Last week, the U.S. Department of Justice revealed that Monsanto has paid more than US $700,000 in illegal bribes to Indonesian officials, including $50,000 to an environmental ministry employee to forestall environmental reviews of the biotech company’s genetically engineered (GE) cotton. While these payments did not lift controls on Monsanto’s GE cotton in Indonesia, they did result in criminal and civil charges against Monsanto in U.S. courts under the Foreign Corrupt Practices Act, which prohibits bribing foreign officials.
On Thursday, January 6, 2005, Monsanto and the Justice Department announced a settlement in which Monsanto would pay penalties and fines of US $1.5 million to the Justice Department and the Securities and Exchange Commission (SEC). Monsanto will also submit to independent audits of its business practices for the next three years. Under the Foreign Corrupt Practices Act, companies paying bribes to foreign officials can be fined a maximum of $2 million for each violation, and responsible corporate executives can face up to five years in prison.
The Justice Department and SEC court filings describe a “slush fund” created by Monsanto’s Indonesian affiliates for the purpose of paying bribes that was funded by inflated invoices to U.S.-Monsanto for pesticides sales and false product registration fees. The SEC charges that this fund was used to make payments to at least 140 current and former Indonesian government officials and their family members. Newspapers report the largest payment was $373,990, paid to the wife of a senior official at the Ministry of Agriculture and used to design and build a house. Smaller payments went to Indonesian officials for cell phones, golf-club memberships, travel and gifts.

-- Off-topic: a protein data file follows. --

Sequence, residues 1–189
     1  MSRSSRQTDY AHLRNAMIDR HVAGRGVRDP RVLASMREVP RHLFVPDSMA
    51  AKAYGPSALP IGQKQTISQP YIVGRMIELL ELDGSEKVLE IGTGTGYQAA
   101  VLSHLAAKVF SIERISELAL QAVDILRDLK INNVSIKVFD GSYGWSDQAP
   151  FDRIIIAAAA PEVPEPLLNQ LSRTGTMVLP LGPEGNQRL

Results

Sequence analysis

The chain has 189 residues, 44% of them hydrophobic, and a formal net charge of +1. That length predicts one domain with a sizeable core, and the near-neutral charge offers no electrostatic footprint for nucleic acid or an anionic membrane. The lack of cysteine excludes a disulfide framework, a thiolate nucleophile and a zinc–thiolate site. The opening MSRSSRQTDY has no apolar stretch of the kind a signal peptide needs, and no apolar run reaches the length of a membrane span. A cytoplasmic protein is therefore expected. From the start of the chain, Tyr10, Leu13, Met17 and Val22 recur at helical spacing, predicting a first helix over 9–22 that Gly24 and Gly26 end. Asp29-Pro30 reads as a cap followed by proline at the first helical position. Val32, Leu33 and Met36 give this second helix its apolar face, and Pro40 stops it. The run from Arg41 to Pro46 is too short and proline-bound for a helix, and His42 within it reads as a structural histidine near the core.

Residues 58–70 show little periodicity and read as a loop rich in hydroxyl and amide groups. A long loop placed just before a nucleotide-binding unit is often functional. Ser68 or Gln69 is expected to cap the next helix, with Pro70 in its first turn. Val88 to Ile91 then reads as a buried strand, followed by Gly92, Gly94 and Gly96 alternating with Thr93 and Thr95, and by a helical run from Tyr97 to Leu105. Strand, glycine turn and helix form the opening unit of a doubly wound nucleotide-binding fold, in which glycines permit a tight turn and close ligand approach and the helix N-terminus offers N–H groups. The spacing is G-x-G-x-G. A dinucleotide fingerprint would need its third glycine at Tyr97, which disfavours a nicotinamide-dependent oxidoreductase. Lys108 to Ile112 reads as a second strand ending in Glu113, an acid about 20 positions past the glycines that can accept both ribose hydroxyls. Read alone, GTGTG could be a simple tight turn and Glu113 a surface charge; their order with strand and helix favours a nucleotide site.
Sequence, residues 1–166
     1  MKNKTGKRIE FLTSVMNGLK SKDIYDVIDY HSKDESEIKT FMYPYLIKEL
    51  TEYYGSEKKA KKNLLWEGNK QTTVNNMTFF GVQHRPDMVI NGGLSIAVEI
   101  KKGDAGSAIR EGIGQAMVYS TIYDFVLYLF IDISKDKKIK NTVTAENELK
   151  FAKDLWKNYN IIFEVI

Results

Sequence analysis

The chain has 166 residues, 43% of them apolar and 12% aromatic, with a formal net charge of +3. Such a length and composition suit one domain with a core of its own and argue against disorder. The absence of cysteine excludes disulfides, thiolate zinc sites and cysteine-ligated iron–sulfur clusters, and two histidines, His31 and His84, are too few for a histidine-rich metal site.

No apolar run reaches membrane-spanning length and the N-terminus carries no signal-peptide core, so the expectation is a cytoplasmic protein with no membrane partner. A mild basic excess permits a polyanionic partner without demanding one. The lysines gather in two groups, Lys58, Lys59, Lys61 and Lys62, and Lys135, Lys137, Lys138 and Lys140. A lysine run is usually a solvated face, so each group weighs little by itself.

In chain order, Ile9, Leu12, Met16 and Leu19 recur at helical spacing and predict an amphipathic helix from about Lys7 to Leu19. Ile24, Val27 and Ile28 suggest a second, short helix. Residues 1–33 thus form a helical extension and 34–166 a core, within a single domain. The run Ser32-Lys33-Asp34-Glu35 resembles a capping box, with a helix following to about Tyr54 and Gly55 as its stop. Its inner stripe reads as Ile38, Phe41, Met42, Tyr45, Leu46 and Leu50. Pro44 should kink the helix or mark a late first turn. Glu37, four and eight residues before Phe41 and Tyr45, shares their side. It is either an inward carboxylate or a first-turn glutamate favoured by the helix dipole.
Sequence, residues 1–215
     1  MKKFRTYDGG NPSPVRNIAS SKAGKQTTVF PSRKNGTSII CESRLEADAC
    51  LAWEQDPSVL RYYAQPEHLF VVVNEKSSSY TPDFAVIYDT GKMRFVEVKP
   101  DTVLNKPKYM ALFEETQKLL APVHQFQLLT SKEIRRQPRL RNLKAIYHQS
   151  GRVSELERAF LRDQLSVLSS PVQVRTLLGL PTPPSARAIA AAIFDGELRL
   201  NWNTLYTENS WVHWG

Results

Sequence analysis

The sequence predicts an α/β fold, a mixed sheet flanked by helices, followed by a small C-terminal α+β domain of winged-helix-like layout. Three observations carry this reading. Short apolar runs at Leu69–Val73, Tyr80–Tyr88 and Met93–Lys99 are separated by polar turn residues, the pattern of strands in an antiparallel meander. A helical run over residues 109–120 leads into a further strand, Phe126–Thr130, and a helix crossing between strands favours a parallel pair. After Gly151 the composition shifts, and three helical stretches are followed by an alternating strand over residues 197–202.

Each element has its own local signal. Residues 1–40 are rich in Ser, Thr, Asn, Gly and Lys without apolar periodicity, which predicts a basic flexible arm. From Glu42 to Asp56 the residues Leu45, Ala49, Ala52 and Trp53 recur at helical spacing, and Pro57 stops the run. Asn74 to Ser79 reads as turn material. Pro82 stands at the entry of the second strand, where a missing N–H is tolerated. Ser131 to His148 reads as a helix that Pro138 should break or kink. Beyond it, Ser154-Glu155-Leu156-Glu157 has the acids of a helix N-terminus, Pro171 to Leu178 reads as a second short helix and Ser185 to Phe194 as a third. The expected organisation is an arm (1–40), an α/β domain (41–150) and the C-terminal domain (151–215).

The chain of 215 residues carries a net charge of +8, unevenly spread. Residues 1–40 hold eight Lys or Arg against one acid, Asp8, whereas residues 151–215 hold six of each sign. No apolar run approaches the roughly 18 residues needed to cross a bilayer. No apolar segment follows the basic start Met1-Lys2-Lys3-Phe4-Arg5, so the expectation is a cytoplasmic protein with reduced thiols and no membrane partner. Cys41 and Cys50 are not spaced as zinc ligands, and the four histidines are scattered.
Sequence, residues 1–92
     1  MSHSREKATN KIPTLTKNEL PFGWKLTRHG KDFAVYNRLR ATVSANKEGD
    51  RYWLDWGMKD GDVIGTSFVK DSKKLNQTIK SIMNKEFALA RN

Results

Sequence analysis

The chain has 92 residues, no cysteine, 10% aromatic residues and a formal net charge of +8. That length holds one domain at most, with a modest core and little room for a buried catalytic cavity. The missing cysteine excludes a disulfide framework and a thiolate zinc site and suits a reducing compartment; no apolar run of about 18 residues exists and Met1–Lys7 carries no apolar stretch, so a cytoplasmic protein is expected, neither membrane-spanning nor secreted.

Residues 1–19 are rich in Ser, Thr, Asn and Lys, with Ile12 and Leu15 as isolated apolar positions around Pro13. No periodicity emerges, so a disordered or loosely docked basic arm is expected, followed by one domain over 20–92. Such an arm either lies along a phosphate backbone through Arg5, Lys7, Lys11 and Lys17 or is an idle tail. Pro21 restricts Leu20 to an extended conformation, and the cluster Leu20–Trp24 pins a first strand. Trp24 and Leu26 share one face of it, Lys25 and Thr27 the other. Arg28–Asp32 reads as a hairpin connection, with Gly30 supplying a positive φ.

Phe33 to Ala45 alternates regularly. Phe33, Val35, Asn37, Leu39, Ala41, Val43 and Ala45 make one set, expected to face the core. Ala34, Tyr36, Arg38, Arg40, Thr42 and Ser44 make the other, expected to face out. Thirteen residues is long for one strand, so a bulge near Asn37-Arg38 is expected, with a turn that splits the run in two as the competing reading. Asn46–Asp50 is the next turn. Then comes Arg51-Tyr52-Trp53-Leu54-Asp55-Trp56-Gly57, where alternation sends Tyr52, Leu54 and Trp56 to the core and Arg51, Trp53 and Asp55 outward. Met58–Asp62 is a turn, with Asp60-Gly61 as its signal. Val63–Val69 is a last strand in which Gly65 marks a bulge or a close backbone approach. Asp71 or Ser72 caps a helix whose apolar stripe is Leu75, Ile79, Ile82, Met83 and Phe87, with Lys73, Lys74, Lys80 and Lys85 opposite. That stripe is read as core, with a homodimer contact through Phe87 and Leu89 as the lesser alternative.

Monsanto has argued that the political situation in Indonesia prevented company executives from visiting the nation and performing full audits of its subsidiaries. But the Justice Department filings reveal a closer involvement. In one documented instance, a Monsanto executive in the U.S. instructed Indonesian consultants to “incentivize” an environmental official and described how the consultant should conceal the bribe in a bill to the parent company.
Monsanto claims the violations occurred because the company failed to perform proper control and auditing procedures, and points out that by reporting the failure to audit, the company essentially turned itself in. An SEC official described Monsanto’s violations as a type that are commonly associated with bribery schemes. “The company failed to establish internal controls and that leads the company down the road of potentially being able to do wrong” said Paul Berger of the SEC.
In Indonesia, Monsanto sells hybrid corn seed and its glyphosate herbicide, Roundup, and also manufactures the herbicide for distribution in other parts of Asia. In January of 2003, Monsanto announced that it would not continue with sales of its GE cotton in Indonesia, due to “regulatory uncertainties.”
Monsanto accounts for 91% of the genetically engineered food and fiber crops sown worldwide, and has also tried to gain approval for GE cotton in Bolivia, Thailand and India. Herbicide resistance is one of the traits most frequently modified in GE crops, and represents 77% of all GE plantings. Herbicide tolerant crops allow farmers to spray broad-spectrum herbicides to control weeds while leaving crops unharmed. A January 2004 report found that farmers growing herbicide resistant crops in the U.S. incrementally spray more herbicides to keep up with increasingly resistant weeds.
In addition to fiber, GE cotton provides cottonseed oil, which is used for a variety of foods and food products, including cooking oils, salad dressing, peanut butter, chips, crackers, cookies, and pastries.
Sources: St. Louis Post Dispatch, January 6, 2005, Wall Street Journal, March 22, 2004, BBC News, January 7, 2005, Greenpeace International Genetic Engineering Campaign, http://www.greenpeace.org; Impact of GE Crops on Pesticide Use in the U.S., Ag BioTech Info, http://www.biotech-info.net/technicalpaper6.html.
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